What do the Olympics Teach us about Goal Settting?

Goals – what do they mean?  How many years have we had formulas for setting goals?  What was the message?  How can we understand goals when we view the Olympics?

The underlying message with setting goals was this:  set the goals according to a set formula, work the goals and you’ll achieve them – all of them – you’ll have the success you desire!

Personally, I questioned the goal setting exercises and formulas?  Why?  Because what I saw in the world was this:

  • people who never set goals and achieved a great deal
  • people who set goals and achieved some
  • people who didn’t know what a goal or goal system was and yet achieved a satisfying life

I worked with seniors for five years and had some good chats with many of them.  I learned from some of them, the dreams they had when they were young and learned that most of them never really got to live their dreams.  Why?  Social norms, wars, parental pressures, illness, death in the family, lack of money, luck, etc.  Others achieved way beyond what they could ever dream.  Why?  Met the right people for all the wrong reaons, luck, family ties and connections, monetary resources readily available, good health, etc. 

Did you ever notice that when someone achieves success, interviewers ask them if they had a goal.  Sometimes the answer was yes and sometimes they said they achieved more than they could ever imagine. 

I wondered why interviewers  never talked to people who had failed and asked them if their goal was to fail.  Doesn’t make sense, does it?  No one sets out to fail.

Watching the Olympics and interviews with the athletes, all the athletes said they had a goal to get GOLD!  Every single one!  So, then why is it they didn’t? 

Did they fail to set a goal?  Did they fail to work hard to achieve that goal?  Did they not have a plan?  Did they have all the advice and training they required?  Did they make sacrifices?  Did they visualize?  Did they receive psychological training? Did they have the equipment they needed?  Were there facilities for them to practice?  Were there other competitions to win or lose?  Was there money available for them to prepare properly, have the right nutrition, get the right exercises to strengthen their bodies, etc?  The list is endless.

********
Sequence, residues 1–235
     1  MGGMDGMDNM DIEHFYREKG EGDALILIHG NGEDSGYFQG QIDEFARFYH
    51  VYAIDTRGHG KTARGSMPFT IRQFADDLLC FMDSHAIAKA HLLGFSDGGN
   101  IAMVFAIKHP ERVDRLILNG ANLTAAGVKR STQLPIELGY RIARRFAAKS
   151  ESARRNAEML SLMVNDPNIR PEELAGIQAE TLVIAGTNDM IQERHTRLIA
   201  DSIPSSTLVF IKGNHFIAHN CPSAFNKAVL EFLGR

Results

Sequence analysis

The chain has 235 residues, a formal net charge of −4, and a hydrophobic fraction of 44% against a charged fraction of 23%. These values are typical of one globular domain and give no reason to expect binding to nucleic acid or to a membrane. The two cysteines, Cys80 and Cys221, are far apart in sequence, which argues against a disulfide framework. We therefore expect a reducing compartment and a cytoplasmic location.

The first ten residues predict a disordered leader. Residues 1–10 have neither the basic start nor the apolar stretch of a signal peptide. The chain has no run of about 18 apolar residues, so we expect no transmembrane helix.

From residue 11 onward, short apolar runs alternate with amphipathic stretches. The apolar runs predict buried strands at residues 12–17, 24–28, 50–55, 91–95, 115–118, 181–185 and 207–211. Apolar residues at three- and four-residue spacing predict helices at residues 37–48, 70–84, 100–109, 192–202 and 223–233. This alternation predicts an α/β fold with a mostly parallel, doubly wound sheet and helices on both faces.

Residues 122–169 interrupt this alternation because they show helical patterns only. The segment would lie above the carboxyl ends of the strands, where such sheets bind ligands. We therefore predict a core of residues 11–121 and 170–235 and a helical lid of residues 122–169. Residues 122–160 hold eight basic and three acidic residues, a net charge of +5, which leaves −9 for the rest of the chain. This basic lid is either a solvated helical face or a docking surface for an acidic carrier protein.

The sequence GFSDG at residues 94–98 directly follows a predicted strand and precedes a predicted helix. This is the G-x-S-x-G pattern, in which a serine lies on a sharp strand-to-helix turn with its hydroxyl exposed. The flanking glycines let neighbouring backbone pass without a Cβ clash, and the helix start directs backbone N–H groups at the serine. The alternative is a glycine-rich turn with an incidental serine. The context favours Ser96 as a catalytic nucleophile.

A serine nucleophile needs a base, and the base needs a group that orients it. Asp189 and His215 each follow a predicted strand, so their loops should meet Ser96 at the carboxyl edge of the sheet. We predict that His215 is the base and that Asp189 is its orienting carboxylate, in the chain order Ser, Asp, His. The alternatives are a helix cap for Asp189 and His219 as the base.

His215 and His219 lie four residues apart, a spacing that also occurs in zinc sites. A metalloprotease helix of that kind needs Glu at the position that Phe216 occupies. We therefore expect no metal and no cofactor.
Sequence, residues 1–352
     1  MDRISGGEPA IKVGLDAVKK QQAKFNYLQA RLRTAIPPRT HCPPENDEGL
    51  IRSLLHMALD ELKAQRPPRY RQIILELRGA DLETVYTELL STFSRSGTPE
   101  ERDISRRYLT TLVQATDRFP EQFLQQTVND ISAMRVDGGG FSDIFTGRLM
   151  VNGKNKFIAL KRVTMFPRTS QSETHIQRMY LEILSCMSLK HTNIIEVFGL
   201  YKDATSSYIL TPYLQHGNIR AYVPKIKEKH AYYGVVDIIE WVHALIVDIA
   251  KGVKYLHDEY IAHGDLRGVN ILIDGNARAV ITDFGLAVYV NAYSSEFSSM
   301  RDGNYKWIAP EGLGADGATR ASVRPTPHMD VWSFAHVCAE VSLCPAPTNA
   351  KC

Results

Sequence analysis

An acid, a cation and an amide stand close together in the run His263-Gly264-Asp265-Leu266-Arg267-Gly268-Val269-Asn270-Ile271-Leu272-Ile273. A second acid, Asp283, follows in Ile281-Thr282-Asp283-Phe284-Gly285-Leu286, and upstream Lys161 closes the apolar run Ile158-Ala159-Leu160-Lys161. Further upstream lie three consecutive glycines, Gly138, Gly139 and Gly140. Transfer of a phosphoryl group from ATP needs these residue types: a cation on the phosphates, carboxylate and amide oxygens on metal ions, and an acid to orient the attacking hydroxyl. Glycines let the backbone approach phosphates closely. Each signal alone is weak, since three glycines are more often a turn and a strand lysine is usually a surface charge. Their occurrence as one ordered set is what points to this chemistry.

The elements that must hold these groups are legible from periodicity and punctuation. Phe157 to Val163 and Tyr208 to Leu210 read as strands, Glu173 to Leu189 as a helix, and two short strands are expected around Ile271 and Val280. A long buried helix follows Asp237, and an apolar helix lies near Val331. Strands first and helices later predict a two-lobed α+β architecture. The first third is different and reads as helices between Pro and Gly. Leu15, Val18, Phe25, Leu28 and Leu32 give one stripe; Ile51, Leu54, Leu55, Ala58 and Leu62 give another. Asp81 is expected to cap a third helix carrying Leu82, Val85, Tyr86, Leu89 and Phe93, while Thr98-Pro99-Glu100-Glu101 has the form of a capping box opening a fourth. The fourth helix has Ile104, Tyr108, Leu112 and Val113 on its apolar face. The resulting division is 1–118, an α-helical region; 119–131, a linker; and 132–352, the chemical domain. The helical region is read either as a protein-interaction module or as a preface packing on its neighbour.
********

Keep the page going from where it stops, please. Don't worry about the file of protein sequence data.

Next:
And this exemplifies for us the fallacy that goal setting is a definitive model for achieving what we want in lifethere are no guarantees that with or without goals, a person will achieve what they want out of life.  Everyone has a dream to achieve something.  For some, it materializes.  For others, the majority of the people, it doesn’t. The majority of the athletes will go home without a medal.  One athlete left the Olympics in casket – was that his dream?

At the Olympics, it’s very clear that, despite everyone dreaming, training, working hard, competing, sacrificing, spending money, planning, etc., not everyone gets a gold medal.  As it is for every other goal in life, there are many vying to achieve the same goal – only some will get there.  If everyone could achieve a particular goal, why would anyone dream of achieving it in the first place?  It would just happen.

Life is like that –  not everyone achieves the goals they set or live their dreams.  Why?  Because, as in sports, there are a multitude of factors including unforeseen obstacles to derail your dreams, people who have better luck than you, people who intentionally or unintentionally knock you out of contention, or events which impact your ability to reach your objective.

Should we set goals?  We all do.  Whether we formalize them on paper or not, we all have dreams.  Some of us will achieve all of our dreams, others something else entirely and for the majority, some goals some of the time.  

Is it still a good idea to go through goal processes and exercises?  I think it is if only to clarify what you really want and set realistic expectations of what is and is not possible.  Perhaps the goal of settings goals should be:  setting realistic expectations based on our strenghts and on the factors which will help or hinder us from getting what we want.   

Can the impossible be achieved?  Of course but a multitude of factors have to come together at just the right time, in the right circumstances, with the right people and mesh like no other – is that a goal?  Of course not. We can only control what we can control – everything else is unpredictable.  Calculating the odds of attaining what we want is probably a better plan!  

The Olympics can teach us a great deal about goals, about our attitudes towards not achieving the ultimate goal and about what’s really important – to live the best life we can – it won’t be for many as we had imagined – it could be better – it could be worse – it is what it is!  

How will we live the best life we can with what is available to us?

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